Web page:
As the managing director of Al Hurr Falconry Services, David Stead spends his day working with 20 peregrine falcons, which are like family to him. The 41-year-old Briton grew up in Central Africa, went to boarding school in the UK, and set up Al Hurr Falconry Centre 11 years ago. The company's main role is bird control. It also provides birds of prey for corporate events and video shoots, and organises desert trips.
This is the time I get up in the summer to allow the birds to perform at their optimum before it gets too hot around 8.30am. I don't eat breakfast, but I drink a lot of coffee and smoke a few cigarettes. Then I meet my colleagues - I usually have three falconers working with me, but we have a team of eight in total. We put the birds on metal stands called cadges and place them in cars to transport them. I adore falcons - and indeed most birds of prey - and learnt the art of falconry in the UK. My parents wanted me to go to college but I took a year out beforehand and was offered a job at a birds of prey centre. I never went to university.
At this time we head to a facility in Dubai where we fly the birds. We have a contract, for example, with the Jumeirah Group, and our aim is to frighten the pigeons into flying away from their hotels. This is accomplished by releasing one falcon into the sky at a time. We're typically on site for 20 minutes to an hour depending on the size of the building. Then we take the falcons down, talk to the management and move on to the next location.
We arrive back at the office and we clean the living area for the birds and the equipment used; give the falcons medication if required; and check the batteries are working on their radio transmitters, which they wear when flying. Afterwards I have a four-hour break. I crash out during this time and have a small bite to eat. I don't have the greatest of appetites in the summer and it's hard to eat when you've been in the searing heat for hours.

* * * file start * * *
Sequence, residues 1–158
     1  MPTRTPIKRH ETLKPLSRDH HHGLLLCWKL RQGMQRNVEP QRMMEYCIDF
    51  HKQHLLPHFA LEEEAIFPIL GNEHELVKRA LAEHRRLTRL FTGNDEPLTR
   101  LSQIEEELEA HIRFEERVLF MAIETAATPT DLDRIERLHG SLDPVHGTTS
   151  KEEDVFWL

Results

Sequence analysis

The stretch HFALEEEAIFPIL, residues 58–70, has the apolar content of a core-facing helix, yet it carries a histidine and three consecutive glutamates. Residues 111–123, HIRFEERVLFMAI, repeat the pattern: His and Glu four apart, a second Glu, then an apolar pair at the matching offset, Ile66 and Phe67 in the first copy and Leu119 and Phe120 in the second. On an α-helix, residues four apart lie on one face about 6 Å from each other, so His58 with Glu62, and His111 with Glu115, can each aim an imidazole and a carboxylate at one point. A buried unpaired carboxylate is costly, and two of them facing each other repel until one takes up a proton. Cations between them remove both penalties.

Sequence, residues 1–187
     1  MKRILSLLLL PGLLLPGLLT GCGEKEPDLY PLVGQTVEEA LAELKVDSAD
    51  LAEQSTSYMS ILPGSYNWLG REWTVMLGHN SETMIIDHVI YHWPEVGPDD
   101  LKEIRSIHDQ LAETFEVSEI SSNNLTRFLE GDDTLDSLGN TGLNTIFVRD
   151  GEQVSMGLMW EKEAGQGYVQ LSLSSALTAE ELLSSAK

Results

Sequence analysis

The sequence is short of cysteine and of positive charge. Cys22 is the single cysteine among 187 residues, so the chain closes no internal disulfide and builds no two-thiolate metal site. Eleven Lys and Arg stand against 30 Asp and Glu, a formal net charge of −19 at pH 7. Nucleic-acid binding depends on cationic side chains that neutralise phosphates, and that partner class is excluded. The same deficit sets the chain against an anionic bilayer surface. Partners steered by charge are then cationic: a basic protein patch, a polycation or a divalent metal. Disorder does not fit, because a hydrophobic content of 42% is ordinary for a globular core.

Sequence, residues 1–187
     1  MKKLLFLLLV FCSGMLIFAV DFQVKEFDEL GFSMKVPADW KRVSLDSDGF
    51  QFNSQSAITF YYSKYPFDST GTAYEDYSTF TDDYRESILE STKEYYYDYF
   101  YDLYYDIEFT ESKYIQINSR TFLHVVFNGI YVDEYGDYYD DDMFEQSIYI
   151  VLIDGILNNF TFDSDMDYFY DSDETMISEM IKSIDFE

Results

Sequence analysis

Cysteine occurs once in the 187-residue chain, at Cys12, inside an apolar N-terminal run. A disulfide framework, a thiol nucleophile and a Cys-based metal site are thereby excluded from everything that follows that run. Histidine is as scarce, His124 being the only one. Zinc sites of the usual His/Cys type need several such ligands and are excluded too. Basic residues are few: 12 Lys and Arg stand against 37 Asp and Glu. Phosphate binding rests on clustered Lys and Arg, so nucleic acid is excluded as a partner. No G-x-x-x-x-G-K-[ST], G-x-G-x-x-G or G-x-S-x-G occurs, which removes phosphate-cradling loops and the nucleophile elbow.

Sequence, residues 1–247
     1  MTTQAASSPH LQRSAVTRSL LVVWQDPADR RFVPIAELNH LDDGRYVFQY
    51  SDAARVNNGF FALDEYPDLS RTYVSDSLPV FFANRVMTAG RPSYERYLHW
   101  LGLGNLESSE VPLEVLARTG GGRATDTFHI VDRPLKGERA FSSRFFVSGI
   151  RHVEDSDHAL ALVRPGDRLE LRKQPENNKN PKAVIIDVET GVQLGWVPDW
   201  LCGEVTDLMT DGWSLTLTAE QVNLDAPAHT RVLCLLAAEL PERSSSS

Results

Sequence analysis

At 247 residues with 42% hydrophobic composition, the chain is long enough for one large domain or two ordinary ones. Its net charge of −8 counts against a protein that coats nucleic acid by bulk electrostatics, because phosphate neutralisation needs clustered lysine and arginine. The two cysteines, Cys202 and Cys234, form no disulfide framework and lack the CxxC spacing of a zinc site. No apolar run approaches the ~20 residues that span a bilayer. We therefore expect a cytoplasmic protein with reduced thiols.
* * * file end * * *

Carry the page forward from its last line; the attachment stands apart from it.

I reconvene with my team and we do the same thing again. We don't necessarily go to the same places, but there are some facilities where we fly the falcons twice a day. From time to time, we take people into the desert. I fly the falcons and explain the history of falconry in the Emirates. The show is generally well received. Falconry is very much a part of the Emirati culture and I take great pleasure in explaining that.
I return to the veterinary centre and feed the falcons. They eat quail and nothing else. We treat the birds like athletes, so they need downtime to rest. Every now and then they take a month off, so out of a team of 20 birds not every one flies all the time. Each falcon is a character and they react to you differently. But in general they're quite disdainful of people. It makes sense when you consider that they're on top of the food chain and live solitary lives. Peregrine falcons are the fastest living creatures on Earth and very intelligent. They simply tolerate us as if we were lowly servants. In fact the training of the falcon is known as "serving".
I head home to my house in Al Warqa'a. I'm not married but I have a family of three dogs, a cat and two fish. I live like a hermit, doing very little in the evenings besides eating and sleeping. We have a rota system so we can take a couple of days off from time to time. But generally falconry consumes my life and it has done so since I discovered it at the age of 11 when my mother bought me a half-day's experience at a falconry centre in the UK.
I tend to go to bed early and rarely have trouble nodding off. I'm usually exhausted from working with the birds. But I love what I do. In fact it was a blessing that I didn't go to university.